(Edited from AP) The biggest issue in designing for one-room living is separating public and private space, says Kenneth Brown, a Los Angeles interior designer who appears on “reDesign,” on the Fine Living Network and HGTV. Nobody at a dinner party wants to be staring at a bed,” Brown says. For a one-room project featured on his show, Brown used a bookcase as a room divider to separate the public and private areas of the room, as well as to store books and provide a stand for a swivel TV. (Edited from AP) The biggest issue in designing for one-room living is separating public and private space, says Kenneth Brown, a Los Angeles interior designer who appears on “reDesign,” on the Fine Living Network and HGTV. Nobody at a dinner party wants to be staring at a bed,” Brown says. For a one-room project featured on his show, Brown used a bookcase as a room divider to separate the public and private areas of the room, as well as to store books and provide a stand for a swivel TV. While each room differs according to how his clients want to live (how much space they want devoted to entertaining, to a home office, etc.), Brown says there are rules that always apply: – Don’t be afraid of big pieces. Lots of small ones will clutter a space. – Select furniture on legs so you can see under the piece. – Don’t float the furniture in the center of the room. – Try lining the walls with two large sofas. -Select a coffee table that may double for dining. – Commit to one color and bring in different textures. That way the walls recede and the eye is not stopped by an accent wall. – Create zones in your room with lighting. For example, hang a chandelier over the entertaining area.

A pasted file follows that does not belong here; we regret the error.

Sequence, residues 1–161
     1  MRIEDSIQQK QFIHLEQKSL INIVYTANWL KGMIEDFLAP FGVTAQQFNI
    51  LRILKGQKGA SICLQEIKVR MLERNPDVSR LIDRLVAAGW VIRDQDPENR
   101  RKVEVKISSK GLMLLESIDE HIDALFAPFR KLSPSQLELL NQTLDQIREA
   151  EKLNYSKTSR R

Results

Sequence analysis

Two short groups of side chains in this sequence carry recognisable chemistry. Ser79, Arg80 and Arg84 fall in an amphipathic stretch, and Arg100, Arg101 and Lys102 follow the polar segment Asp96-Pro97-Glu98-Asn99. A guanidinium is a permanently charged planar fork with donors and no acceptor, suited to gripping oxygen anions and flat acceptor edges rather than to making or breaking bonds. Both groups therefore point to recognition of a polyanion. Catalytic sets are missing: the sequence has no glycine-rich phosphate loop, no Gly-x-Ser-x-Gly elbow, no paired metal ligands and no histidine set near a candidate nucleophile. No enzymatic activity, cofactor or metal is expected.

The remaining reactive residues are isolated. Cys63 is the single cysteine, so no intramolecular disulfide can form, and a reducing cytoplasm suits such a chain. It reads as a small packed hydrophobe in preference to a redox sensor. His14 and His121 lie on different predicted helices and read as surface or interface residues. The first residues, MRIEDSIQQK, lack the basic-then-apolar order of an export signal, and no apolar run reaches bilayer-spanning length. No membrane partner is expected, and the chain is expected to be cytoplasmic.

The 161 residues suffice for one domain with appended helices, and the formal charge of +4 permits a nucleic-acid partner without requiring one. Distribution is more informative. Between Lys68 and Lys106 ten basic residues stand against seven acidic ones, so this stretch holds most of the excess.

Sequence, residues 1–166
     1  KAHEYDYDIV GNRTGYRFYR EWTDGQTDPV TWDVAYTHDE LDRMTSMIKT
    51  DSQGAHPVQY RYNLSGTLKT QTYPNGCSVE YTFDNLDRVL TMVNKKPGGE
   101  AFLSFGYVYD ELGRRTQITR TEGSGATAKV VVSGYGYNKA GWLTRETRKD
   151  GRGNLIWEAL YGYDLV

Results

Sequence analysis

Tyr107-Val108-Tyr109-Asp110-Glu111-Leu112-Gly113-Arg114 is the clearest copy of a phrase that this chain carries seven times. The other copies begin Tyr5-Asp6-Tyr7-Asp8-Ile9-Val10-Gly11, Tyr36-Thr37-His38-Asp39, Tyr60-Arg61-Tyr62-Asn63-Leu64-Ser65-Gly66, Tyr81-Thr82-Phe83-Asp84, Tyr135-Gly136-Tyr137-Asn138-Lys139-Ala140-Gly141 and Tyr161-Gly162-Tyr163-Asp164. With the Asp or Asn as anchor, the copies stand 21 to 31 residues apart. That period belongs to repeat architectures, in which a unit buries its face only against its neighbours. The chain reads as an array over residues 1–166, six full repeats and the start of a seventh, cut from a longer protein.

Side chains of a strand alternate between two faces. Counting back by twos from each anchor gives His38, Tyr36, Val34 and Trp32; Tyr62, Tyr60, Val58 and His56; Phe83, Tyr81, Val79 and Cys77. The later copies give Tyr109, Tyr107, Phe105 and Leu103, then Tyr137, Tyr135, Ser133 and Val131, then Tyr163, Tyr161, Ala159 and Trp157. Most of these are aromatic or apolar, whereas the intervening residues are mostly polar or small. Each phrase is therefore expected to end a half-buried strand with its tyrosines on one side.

Brown believes that concealing stuff in pretty boxes is key to living artfully in one room. You might want to try out some rules above to see if you can have a “brand new” room.

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